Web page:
Kilcoo wary of Slaughtneil's ability to win frees

Kilcoo’s Niall Branagan challenges Slaughtneill’s Se McGuigan during last year’s Ulster Club SFC final Picture by Philip Walsh

KILCOO will “challenge the Slaughtneil forwards to stay on their feet” in Sunday’s eagerly anticipated Ulster Club SFC opener, says selector Paddy Murray.

Having secured their sixth Down title in-a-row, the Mourne side now meet their conquerors from last year’s provincial final.

That game in Armagh produced seven scores from frees – four for Slaughtneil and three for Kilcoo.

Across their whole run from the Derry championship to the All-Ireland final last season, the reigning Ulster champions scored 0-51 of their 7-130 from frees, accounting for just under 34 per cent of their overall score.

Murray says that the Magpies have been conscious of their defensive efforts ever since Clontibret pipped them at this stage in 2014 on an afternoon when Conor McManus scored 0-8 of the Monaghan side’s 1-9 tally from frees.

Highlighting the Emmet’s win over Killyclogher last year, after which St Mary’s boss Dominic Corrigan accused referee Ciaran Branagan of giving the Derry side “a platform in the first half…that I didn’t feel was justified”, Murray says his side have doubled down on their defensive discipline this season.

“It’s a recurring theme that they get into their scoring third and orchestrate a score, whether it’s from a free or making a bit of space for themselves. There are one or two individuals they look for all the time to get their primary scores.

“You could start watching DVDs from the first round in the Derry championship until the final, and it’s just reoccurrence after reoccurrence after reoccurrence.

“They get it up into that scoring third, they’re coming away with a score by whatever means. If they get that space, they’ll shoot and they will score. If they’re not getting the space, they’ll orchestrate a free kick.

“We were well warned before we got to that stage last year. Against Killyclogher, it was well documented that referees and officials were influenced, particularly by their forward line.

“I go back to the Clontibret game, Conor McManus bought free after free. A year after that, Slaughtneil did exactly on to Killyclogher what Clontibret did to us.

“On the back of the Clontibret match, we had to say to lads that what may not be a free in county Down football may be a free in Ulster, and that we really need to look at.

“You have to control the controllables. Some things we can’t control but one thing we can is our tackling ability.

“We needed to sit down and look at it and ask if we’re conceding too many frees. Our average concession of scoreable frees in Down has gone from eight last year down to four this year.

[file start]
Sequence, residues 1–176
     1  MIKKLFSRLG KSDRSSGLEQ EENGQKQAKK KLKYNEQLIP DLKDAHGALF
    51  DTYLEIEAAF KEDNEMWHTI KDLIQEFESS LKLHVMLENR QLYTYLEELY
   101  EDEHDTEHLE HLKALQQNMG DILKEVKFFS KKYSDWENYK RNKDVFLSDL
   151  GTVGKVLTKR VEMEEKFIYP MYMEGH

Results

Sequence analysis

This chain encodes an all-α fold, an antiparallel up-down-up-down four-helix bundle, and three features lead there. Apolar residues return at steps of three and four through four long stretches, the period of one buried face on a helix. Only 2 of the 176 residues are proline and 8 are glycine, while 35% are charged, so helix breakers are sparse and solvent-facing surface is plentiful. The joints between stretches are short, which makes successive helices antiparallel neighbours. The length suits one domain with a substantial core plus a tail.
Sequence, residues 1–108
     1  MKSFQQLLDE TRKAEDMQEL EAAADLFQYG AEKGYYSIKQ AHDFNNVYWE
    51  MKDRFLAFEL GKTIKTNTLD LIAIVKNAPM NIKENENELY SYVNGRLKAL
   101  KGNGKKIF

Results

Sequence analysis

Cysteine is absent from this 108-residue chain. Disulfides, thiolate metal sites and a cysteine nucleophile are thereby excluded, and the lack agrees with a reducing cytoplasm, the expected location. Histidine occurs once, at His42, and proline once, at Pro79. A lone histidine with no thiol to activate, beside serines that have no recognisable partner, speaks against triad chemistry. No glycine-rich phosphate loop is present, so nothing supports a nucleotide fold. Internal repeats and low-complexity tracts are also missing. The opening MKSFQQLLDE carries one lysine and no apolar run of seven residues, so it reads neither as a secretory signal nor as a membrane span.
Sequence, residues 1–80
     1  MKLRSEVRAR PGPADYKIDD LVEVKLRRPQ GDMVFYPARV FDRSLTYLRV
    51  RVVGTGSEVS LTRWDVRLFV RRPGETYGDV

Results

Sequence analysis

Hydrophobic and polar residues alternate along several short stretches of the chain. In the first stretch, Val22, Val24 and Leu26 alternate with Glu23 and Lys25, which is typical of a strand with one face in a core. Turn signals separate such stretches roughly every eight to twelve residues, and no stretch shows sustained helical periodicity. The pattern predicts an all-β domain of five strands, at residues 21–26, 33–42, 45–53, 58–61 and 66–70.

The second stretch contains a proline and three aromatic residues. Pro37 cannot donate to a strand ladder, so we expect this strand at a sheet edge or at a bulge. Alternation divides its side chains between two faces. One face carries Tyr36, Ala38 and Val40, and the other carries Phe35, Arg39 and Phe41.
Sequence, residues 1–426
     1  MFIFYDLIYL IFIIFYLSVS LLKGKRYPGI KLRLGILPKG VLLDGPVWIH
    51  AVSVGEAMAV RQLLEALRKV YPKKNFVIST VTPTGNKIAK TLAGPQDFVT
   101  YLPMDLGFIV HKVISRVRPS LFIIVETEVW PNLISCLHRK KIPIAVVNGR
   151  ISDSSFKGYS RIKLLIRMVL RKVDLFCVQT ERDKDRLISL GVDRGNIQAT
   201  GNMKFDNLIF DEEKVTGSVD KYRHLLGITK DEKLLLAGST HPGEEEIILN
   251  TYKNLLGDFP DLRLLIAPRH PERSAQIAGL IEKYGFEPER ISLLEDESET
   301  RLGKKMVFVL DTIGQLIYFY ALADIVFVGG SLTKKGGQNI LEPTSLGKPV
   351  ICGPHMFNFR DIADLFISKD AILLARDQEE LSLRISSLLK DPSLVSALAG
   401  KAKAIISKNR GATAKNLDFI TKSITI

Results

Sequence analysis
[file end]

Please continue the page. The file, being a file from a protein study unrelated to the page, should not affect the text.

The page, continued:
“We will ask the question of Slaughtneil. We will keep them honest in defence and after that, it’s up to the officials to say if it’s a free or not. We will not be giving away frees and that’s a big part of their game. What we’ll be asking them is to stay on their feet.”

The Magpies will be without Ryan Johnston, who suffered a broken foot in the county final win over Burren, as well as key defender Aaron Branagan, who has suffered a hamstring strain.

Murray was playing for Kilcoo when they were in Division Three in the mid-90s, so he’s well placed to know that the current bunch are “very fortunate” to be enjoying the success they are.

Yet for all of it, that provincial heartbreak has still been prevalent in their story. And yet, despite last year’s having been their closest brush with the trophy itself, there have been other defeats equally as hard to take.

Falling to 13-man Ballinderry in 2013 and that last-minute sucker-punch from Clontibret the following year have stuck longest in the throat.

But for Murray, last year’s loss was different because Paul McIver’s side never reached the level they feel they’re capable of.

“They’re not easy to take. The amount of effort, sweat and toil that goes in to get to those stages is immense. There’s no one particular one that stands out.

“The Clontibret defeat was hard to take considering you had the whole game in your control to be stung at the very end by a sucker punch, it was very hard to take.

“There have been different factors in different years that have contributed to us getting beat. Last year was hard to take because you can play a team and put your hand up and say ‘they were that much better than us’.

“We’ve been down that road and you just have to go away and get fixed and right the wrongs.

“But last year we had individuals stepping forward saying ‘lads, I had one today’.

“As a collective, we felt we made too many individual mistakes. They didn’t make as many as us and they came away with the prize.

“I think it’s fair enough to say that the two teams were very well-balanced. I know it’s a cliché but it comes down to very small margins. That’s what was ultimately the difference the last day.”

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